The first exports will be limited to a daily amount of about 7 million cubic meters, a volume that could rise to 20 million cubic meters per day. Araqi said the shipments can’t begin until Iran completes the pipelines and pressure-boosting facilities required for the gas shipments, a process that is expected take about 18 months.

Related: Global Supplies Outweigh Paris Attacks For Oil Prices

Araqi also said Iran will construct a conduit to divert gas from its 6th gas trunkline, known as IGAT 6, which now transports gas from the Iran’s huge South Pars offshore gas field in the Persian Gulf to the Iranian province of Khuzestan, which borders southern Iraq.

The price of the gas was not disclosed, but Araqi said it would be consistent with the current market price. Araghi added, “The pricing will be similar to that of the Baghdad contract.”

Araghi was referring to a deal signed in 2013 in which Iran agreed to supply 25 million cubic meters of gas per day to the Iraqi capital, Baghdad, in a deal worth $3.7 billion per year.

The agreement calls for Iran to ship 25 million cubic meters of gas to power plants in and around Baghdad using a 165-mile pipeline. Once it begins, that project is expected to earn Iran $3.7 billion per year. It has been delayed by concerns for the pipeline’s security as Iraq fights an insurgency waged by the Islamic State.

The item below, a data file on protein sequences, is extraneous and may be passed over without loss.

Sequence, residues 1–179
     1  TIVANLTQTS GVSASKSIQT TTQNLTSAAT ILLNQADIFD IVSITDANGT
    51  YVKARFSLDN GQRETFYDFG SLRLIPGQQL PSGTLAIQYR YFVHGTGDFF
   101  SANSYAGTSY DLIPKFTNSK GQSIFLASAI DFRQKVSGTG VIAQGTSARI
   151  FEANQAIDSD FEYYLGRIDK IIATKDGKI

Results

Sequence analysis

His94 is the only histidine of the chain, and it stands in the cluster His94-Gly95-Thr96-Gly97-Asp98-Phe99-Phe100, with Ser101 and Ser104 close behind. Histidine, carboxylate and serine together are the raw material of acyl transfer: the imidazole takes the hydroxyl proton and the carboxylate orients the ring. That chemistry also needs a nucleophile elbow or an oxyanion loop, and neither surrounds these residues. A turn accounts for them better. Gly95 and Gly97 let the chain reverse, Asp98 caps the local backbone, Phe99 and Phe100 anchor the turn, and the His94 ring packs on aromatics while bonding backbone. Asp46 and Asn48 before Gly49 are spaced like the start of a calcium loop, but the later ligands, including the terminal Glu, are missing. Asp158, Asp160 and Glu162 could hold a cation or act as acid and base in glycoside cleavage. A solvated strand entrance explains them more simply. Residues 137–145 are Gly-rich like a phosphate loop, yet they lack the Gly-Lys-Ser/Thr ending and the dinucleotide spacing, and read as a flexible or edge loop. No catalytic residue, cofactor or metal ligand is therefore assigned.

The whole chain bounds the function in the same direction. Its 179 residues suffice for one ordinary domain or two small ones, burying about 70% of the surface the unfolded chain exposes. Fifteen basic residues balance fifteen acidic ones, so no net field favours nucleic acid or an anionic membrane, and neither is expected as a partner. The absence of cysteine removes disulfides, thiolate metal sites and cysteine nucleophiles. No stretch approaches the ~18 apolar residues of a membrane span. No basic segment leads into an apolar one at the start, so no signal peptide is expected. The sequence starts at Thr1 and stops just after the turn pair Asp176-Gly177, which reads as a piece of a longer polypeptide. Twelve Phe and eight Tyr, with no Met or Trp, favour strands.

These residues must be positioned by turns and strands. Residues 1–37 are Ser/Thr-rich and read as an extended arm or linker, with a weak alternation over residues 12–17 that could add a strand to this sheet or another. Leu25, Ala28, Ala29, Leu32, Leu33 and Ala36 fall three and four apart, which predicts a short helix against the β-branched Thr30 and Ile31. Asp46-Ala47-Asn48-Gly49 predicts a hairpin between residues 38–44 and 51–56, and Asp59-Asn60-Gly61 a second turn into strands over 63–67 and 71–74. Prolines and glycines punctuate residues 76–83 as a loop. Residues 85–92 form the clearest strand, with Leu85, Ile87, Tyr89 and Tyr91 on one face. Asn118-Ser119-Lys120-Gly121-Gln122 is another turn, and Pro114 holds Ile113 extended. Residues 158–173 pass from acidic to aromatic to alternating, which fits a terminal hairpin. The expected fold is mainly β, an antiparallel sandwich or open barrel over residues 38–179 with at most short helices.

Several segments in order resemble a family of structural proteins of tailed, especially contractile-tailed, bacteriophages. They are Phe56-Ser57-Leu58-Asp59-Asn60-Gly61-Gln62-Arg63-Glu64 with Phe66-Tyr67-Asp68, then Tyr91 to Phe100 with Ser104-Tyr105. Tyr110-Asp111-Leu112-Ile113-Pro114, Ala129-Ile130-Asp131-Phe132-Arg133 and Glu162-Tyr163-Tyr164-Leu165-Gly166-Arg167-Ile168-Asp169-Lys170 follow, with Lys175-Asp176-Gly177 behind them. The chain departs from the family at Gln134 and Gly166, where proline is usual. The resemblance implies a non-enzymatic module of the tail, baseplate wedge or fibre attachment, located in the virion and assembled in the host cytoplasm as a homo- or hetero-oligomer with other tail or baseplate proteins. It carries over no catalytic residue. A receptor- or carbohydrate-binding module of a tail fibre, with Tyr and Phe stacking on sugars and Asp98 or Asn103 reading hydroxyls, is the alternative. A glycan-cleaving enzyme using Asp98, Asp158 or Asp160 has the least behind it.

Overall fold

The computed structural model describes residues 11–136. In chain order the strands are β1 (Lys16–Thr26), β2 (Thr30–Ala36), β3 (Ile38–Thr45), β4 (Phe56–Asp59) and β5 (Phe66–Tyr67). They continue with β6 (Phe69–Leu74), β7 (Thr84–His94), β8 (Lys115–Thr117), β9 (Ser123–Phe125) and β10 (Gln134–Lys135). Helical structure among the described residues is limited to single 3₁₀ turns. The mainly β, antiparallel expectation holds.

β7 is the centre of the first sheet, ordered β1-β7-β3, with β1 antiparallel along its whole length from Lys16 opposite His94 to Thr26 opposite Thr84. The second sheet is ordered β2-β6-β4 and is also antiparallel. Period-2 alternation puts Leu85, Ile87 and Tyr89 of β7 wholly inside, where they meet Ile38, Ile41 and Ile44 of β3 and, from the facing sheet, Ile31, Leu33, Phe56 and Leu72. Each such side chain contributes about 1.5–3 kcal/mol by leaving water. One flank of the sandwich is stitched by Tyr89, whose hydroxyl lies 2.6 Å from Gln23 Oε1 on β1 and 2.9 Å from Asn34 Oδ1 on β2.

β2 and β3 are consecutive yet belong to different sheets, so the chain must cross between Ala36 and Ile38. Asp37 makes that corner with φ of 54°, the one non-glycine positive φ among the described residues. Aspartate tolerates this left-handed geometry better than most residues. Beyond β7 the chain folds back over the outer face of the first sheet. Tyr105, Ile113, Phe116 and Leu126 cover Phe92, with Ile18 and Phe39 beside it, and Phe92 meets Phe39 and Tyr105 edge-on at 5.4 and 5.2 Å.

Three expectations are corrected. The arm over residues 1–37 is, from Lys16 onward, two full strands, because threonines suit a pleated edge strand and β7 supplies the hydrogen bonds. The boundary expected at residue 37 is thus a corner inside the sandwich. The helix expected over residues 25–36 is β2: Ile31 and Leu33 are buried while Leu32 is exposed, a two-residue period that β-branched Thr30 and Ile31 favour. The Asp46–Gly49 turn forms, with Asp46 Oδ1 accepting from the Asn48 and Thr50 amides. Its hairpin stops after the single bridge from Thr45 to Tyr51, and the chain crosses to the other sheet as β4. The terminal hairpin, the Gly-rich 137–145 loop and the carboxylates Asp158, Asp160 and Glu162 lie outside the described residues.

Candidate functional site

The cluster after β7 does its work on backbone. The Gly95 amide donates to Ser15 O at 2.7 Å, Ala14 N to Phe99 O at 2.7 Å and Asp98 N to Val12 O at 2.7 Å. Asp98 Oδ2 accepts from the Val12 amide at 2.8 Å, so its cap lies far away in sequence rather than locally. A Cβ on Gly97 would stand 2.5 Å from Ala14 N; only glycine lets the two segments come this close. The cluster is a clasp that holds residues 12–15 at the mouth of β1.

Related: Saudis Planning For A War Of Attrition In Europe With Russia’s Oil Industry

Azizollah Ramezani, the director of international affairs for the NIGC, said that so far, the Basra gas deal is limited to only six years, for a maximum total of 40 billion cubic meters of gas, because Iraq has begun several energy development projects, including efforts to increase its own output.

“If Iraq’s development projects fail to boost its gas output,” Ramezani said, “the deal may be extended, and there is room for more cooperation in this regard.”

The deal with Iraq is one of several involving gas that Iran has struck with nearby countries. It is already working on several projects, including the export of gas to Turkey and Pakistan; a gas-for-power deal with Armenia; and a gas swap with Azerbaijan.

Related: Korea Leading The Way With Ambitious Fuel Cell Project

After Russia, Iran has the second-largest reserves of gas in the world. It now produces about 600 million cubic meters of gas per day, virtually all of it consumed domestically because Western sanctions over its nuclear program, expected to be lifted next year, have limited its export capacity.

Relations between Tehran and Baghdad were strained, to say the least, until the United States invaded Iraq in 2003 and ousted its president, Saddam Hussein, who had suppressed the country’s Shi’a majority. The two neighbors even fought a particularly destructive war in the 1980s.

Since Saddam’s ouster, however, Iraq has been run by a Shi’a-majority government, and the two countries have become close political and economic allies.

By Andy Tully of Oilprice.com

More Top Reads From Oilprice.com:



Join the discussion | Back to homepage

Leave a comment

Leave a comment

Oilprice - The No. 1 Source for Oil & Energy News